Here are some other examples of confirmation bias:
- When someone believes some trinket they own is a lucky charm because good things have happened to them while they’re holding it, forgetting about all the times they had it and nothing good happened to them, or all the times good things happened to them when they weren’t holding it.
- When someone with an extreme belief (religious or political or whatever) believes they’re less of a minority than they really are – or even that they constitute the majority – because most of their friends are of a like mind, and they mostly follow news sources aligned to their belief, and all they ever see in their social networking feeds is people who agree with them. (This effect, of the Internet in particular, is also called the “echo chamber.”)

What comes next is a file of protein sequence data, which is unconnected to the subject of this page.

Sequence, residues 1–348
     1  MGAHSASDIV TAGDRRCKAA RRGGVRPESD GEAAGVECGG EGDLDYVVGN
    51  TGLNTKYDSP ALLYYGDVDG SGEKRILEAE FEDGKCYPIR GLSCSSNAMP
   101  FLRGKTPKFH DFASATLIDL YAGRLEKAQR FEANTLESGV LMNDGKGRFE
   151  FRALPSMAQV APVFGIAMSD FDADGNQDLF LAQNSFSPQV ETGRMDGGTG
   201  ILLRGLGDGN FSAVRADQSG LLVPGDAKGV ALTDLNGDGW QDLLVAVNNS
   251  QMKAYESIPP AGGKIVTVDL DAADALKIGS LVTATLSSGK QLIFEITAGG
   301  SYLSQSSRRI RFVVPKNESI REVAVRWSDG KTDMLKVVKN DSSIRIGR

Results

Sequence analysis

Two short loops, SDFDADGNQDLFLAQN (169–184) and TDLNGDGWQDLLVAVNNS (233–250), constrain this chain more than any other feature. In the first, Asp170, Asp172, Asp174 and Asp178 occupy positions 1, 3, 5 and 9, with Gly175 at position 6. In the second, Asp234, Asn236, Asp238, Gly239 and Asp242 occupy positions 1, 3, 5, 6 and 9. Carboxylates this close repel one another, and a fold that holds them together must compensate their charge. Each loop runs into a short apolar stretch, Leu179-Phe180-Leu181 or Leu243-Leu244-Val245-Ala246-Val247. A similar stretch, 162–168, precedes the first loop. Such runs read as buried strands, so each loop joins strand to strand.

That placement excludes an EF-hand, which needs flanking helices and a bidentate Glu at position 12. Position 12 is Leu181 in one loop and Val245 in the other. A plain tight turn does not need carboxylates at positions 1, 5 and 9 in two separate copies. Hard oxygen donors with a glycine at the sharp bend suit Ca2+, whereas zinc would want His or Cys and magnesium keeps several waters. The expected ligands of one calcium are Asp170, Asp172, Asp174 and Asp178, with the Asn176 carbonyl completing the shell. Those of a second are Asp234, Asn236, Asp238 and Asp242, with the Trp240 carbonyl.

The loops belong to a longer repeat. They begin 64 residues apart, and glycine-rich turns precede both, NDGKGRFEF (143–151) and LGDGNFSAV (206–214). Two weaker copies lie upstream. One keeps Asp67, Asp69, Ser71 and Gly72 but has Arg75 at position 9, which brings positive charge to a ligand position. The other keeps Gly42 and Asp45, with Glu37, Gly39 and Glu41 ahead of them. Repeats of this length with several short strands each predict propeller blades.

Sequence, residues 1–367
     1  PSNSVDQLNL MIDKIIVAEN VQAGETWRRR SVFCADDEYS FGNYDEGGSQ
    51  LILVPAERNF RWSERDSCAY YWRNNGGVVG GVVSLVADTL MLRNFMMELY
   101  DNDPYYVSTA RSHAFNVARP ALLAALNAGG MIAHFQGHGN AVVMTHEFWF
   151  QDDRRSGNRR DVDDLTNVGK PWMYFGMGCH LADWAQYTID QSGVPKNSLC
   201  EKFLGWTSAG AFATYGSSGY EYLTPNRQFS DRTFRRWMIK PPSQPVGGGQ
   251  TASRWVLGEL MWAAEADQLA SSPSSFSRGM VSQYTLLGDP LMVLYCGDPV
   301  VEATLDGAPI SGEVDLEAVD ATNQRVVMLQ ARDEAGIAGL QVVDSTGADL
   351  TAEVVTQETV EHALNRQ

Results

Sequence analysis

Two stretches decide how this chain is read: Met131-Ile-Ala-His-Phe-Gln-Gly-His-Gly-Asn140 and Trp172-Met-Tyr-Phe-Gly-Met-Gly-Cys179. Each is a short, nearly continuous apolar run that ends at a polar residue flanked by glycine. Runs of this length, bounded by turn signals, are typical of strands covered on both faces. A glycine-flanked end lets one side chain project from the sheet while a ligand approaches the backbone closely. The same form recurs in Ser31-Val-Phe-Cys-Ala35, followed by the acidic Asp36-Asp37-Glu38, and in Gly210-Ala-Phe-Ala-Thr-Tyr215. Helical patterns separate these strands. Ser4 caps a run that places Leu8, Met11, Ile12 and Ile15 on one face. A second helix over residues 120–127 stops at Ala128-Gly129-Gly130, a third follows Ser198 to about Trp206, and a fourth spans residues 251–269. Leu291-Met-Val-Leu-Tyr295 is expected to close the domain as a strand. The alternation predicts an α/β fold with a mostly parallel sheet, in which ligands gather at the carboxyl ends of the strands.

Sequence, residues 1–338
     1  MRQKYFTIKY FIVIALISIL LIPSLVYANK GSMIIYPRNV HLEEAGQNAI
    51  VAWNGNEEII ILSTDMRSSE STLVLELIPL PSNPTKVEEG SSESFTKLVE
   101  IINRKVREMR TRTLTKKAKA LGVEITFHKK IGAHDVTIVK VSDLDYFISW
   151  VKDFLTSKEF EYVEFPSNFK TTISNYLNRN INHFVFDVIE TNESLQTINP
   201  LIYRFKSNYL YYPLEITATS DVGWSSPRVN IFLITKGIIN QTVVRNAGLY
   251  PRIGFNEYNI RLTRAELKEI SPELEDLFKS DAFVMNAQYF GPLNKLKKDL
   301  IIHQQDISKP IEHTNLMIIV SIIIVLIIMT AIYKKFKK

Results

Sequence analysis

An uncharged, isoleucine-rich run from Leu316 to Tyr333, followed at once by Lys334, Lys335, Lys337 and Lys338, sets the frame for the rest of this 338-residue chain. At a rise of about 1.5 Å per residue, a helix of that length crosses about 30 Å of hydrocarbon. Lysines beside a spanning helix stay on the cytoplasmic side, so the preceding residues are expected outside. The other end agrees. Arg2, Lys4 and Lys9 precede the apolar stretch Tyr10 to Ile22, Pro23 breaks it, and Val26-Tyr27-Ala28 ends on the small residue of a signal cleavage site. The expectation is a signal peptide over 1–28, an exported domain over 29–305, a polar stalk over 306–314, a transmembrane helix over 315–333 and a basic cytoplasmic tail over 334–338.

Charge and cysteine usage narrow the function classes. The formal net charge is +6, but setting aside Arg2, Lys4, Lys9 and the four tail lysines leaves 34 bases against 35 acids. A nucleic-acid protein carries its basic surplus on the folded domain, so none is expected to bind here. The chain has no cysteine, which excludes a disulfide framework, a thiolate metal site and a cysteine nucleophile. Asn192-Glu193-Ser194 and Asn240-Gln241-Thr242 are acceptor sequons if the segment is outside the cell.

- When someone cites only those scientific studies that support some position of theirs, while forgetting or ignoring or finding some way to explain away the studies that contradict it.
There’s another logical fallacy I want to discuss, but I haven’t been able to find its name. (If you know it, please tell me!) For now, I’m going to call it “confirmation exaggeration.”